Last week I was instructed to inspect some damp in an apartment within a converted Victorian building. The damp was in fact condensation within a built in wardrobe.
Just 2 meters away I noticed tell-tale cracking to a skirting board. The occupants informed me that this was related to a leak from the adjacent shower cubicle some time ago and was now resolved. I removed a small section of decayed timber and found the thriving mycelial growth of Dry Rot in London.
Although the extent of growth didn’t allow definite identification I believe this is dry rot (serpula lacrymans) as a result of cracks across the grain and white fluffy mycelial growth with a pink/grey tinge.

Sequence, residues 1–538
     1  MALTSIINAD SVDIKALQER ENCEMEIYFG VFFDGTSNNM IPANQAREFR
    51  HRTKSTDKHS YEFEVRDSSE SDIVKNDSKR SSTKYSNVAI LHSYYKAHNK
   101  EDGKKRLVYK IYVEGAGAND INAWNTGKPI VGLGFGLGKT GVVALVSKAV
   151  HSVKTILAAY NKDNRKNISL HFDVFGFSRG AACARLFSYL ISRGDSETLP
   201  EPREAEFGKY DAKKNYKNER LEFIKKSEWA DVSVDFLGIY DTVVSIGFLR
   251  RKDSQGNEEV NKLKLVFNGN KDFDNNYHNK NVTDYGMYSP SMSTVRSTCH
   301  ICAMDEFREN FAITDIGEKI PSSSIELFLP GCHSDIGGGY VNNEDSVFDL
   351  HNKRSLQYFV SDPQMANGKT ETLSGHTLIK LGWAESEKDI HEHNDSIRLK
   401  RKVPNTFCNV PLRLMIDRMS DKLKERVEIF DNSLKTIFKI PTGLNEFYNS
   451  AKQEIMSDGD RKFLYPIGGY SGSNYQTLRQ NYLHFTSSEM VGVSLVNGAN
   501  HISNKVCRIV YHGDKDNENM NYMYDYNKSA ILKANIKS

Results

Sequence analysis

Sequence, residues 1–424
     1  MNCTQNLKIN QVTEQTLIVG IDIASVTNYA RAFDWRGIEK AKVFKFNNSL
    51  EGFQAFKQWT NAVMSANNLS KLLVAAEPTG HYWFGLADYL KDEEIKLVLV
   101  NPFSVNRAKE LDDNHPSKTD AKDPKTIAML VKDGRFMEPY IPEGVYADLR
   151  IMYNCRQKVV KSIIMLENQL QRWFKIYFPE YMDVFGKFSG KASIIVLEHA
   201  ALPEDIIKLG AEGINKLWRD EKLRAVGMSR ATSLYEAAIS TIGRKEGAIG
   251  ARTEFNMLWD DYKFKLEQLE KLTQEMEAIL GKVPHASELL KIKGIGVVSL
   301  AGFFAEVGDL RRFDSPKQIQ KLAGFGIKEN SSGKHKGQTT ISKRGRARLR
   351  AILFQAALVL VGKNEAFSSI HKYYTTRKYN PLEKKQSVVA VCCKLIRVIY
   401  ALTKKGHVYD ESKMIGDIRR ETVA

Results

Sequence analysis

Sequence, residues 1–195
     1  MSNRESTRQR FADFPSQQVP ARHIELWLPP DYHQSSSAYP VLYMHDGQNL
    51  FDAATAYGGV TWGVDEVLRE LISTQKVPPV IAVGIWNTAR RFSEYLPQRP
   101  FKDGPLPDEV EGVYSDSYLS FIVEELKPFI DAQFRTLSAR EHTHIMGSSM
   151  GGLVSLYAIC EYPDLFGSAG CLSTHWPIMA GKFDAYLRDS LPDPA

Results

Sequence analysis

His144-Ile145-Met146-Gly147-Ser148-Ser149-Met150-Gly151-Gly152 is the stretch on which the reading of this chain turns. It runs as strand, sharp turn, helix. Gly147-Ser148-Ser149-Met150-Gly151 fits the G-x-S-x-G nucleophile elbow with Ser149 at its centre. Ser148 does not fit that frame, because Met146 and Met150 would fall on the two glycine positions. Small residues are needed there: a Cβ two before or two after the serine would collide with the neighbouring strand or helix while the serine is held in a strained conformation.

Traditional treatment of dry rot involves stripping all timber within a 1 meter radius of any evidence of fungal growth. This is clearly very disruptive and in this situation would result in the expense of extensive replacement of flooring as well as a new bathroom suite.
There are alternative approaches. In this case a repair to the tile grout in the shower cubicle would prevent the moist environment needed for the fungus to grow; however, the fungus can remain dormant for as long as twenty years.